Serving as a student leader is a great way to round out your college education. You’ll get plenty of hands-on leadership experience that should help you transition into the workforce. You’ll learn how to manage and work with others, including students with different areas of expertise from your own. Many student leaders start out with a little apprehension, but the develop better leadership skills over time. Here are some key principles of good student leadership that will serve you well from day one while also helping you grow as a leader.
Listen to those who you are leading.
You’re a leader, not a boss. There is a clear difference. Bosses tell people what to do, while leaders guide those who they are leading. If you want to be a good leader, it is important to listen to the other students in the group. Hear their concerns, consider their opinions, and be open to their suggestions. As the leader, you will often be the one who has to make the final decision on matters. But it is important to make sure that decision is one that will be well supported by and beneficial for the people in the group.
Be encouraging when offering criticism.
There may be times when you have to offer criticism to people in your group. However, you should aim to be encouraging when you offer this criticism. What does this look like? Well, instead of saying “Josh, your group email last week was too vague.” You could say “Josh, we appreciate your weekly emails, but can we talk about ways to include more details to future ones?” This approach makes it clear what changes need to be made without making the student feel guilty for their shortcomings.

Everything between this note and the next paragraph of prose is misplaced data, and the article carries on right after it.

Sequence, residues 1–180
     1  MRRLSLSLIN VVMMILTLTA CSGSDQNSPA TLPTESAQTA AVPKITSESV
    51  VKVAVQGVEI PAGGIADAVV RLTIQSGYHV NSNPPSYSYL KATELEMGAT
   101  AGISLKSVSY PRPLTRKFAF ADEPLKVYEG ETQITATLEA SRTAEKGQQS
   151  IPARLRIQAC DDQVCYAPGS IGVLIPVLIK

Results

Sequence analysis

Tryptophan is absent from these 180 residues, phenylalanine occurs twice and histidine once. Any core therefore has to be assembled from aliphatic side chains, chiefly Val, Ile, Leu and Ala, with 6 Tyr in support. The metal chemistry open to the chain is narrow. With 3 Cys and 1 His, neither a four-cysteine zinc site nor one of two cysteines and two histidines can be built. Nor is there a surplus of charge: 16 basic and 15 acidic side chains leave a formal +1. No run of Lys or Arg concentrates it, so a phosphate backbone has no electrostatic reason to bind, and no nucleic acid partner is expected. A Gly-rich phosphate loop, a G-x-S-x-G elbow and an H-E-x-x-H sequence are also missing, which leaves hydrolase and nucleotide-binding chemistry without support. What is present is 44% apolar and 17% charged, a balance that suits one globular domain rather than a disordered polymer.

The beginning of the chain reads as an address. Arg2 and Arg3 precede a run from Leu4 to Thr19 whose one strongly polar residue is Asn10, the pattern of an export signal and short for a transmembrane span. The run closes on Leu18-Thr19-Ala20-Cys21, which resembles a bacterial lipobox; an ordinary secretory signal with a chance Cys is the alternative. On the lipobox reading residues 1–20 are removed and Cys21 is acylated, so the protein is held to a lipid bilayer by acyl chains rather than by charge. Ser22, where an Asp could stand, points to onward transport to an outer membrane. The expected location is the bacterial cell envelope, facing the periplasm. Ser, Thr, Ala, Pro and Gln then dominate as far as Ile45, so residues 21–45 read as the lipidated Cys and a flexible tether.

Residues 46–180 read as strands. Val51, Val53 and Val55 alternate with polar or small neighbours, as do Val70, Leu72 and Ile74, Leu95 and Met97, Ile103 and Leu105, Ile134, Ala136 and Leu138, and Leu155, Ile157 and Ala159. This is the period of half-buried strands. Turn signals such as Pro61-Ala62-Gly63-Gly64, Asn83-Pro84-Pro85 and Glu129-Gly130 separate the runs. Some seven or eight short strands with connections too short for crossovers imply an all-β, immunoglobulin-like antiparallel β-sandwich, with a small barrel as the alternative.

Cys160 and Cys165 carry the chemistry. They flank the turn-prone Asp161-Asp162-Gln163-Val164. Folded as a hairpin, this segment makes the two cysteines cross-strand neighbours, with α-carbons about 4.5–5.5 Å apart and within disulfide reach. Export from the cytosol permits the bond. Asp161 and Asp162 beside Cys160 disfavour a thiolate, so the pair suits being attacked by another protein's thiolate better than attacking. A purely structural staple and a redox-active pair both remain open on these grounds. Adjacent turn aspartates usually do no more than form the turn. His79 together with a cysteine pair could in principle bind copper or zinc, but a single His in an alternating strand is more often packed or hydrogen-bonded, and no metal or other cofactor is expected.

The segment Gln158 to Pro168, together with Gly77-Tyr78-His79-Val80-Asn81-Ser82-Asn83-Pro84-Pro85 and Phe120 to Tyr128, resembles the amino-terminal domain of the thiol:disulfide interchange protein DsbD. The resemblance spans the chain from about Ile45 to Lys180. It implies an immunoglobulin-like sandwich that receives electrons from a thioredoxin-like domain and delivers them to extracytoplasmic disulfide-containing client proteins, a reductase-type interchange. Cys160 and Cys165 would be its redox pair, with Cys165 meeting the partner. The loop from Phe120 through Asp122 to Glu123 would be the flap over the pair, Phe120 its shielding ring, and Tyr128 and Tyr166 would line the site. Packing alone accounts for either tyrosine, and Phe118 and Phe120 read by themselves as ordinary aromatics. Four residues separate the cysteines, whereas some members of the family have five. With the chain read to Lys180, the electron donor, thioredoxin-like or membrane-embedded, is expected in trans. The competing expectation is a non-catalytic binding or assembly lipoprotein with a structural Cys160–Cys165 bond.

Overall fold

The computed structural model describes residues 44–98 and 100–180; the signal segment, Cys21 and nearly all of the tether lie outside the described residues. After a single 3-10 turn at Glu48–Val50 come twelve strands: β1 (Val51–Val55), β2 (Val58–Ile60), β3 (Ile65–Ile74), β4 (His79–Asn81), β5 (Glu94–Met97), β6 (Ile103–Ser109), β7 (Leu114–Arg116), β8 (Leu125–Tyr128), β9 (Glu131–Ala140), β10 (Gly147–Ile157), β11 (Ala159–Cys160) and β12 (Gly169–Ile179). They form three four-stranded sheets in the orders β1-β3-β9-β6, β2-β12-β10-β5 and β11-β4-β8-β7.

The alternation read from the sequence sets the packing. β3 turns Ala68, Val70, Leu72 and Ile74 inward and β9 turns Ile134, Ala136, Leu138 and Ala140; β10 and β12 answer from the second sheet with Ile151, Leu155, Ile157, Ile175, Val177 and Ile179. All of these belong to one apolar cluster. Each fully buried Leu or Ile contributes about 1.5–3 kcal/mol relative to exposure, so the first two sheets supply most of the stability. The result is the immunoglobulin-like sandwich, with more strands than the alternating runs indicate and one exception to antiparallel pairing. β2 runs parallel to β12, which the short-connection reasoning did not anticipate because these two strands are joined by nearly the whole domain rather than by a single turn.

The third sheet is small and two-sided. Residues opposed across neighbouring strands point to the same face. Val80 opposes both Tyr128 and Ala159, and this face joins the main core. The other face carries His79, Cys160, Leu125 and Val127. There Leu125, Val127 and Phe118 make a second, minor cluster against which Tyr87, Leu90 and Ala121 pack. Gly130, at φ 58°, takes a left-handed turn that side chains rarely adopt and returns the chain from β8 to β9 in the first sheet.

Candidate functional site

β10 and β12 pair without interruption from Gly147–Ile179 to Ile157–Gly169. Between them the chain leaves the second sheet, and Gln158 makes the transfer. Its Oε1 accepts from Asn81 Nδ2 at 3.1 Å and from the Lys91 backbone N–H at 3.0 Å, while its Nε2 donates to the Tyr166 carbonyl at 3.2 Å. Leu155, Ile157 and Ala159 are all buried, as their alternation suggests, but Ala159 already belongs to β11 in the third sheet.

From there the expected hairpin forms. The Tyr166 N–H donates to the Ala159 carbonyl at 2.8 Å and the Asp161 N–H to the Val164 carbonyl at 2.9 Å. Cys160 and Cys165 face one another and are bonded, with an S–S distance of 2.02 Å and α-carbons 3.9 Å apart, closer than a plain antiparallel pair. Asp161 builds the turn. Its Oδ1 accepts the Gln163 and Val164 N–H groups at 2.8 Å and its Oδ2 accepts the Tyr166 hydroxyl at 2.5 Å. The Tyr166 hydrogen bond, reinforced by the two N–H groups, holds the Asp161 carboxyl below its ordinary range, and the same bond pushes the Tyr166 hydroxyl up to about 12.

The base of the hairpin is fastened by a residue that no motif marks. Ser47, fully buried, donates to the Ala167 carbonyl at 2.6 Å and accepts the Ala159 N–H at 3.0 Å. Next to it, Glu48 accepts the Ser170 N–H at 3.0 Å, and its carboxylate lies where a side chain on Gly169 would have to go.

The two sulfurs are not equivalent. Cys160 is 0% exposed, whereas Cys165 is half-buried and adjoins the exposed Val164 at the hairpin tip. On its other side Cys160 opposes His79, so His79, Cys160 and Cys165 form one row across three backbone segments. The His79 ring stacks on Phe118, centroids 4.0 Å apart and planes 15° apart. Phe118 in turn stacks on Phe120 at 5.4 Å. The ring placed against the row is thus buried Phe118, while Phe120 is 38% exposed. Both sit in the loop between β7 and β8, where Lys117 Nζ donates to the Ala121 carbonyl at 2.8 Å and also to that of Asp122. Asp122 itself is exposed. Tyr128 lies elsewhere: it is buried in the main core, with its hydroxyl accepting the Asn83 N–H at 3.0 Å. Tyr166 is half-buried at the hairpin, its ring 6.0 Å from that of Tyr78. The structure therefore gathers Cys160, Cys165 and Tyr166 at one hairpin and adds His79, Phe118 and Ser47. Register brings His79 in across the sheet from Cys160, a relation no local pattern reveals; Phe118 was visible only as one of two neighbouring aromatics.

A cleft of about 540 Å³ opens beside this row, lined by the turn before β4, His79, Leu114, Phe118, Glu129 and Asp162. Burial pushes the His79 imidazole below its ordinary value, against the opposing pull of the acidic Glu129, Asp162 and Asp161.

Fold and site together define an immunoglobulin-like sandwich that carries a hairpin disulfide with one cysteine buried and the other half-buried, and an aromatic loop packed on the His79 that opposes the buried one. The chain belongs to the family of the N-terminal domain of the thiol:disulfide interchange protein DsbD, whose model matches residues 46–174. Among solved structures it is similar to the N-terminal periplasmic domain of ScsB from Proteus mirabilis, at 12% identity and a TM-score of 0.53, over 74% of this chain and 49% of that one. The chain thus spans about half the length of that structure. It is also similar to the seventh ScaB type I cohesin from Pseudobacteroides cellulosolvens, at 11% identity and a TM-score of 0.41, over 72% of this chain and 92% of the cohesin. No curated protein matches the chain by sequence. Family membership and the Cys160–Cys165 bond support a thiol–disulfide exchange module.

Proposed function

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Get to know the students.
You will want to maintain professional boundaries with those who you are leading. At the same time, you want to get to know them personally to some degree. When you have a few spare minutes, sit down and chat with any students who happen to be around. Ask what their weekend plans are. Talk about activities and interests that you have in common. When you connect with the students in your group in this way, they’ll feel more comfortable coming to you with questions and concerns.
Confide in your mentor.
If you have a mentor, don’t hesitate to talk to them about your student leadership role and any challenges you face as a leader. The sooner you seek advice on challenging situations, the better. Mentors have usually been in leadership roles and can offer valuable, personalized insights to help you excel as a leader. Good leaders know when to ask for help!
Ask for feedback.
If the organization you’re leading does not already have a system set up for student leaders to receive feedback, work on creating one. It’s helpful to know what the students you’re leading think of you and your leadership skills. Through their feedback, you can figure out what you still need to work on as a leader. Make sure you allow students to submit feedback anonymously as this will encourage them to be more honest. Sometimes, putting out a simple “feedback box” for people to drop notes in after meetings is enough.
Whether you’re leading a student club, your school’s chapter of an honors society, or a group for a class project, allow the key principles above to guide you. Good leaders know how to listen, ask for feedback, seek advice, and encourage those who they lead. Your abilities will continue to grow over time.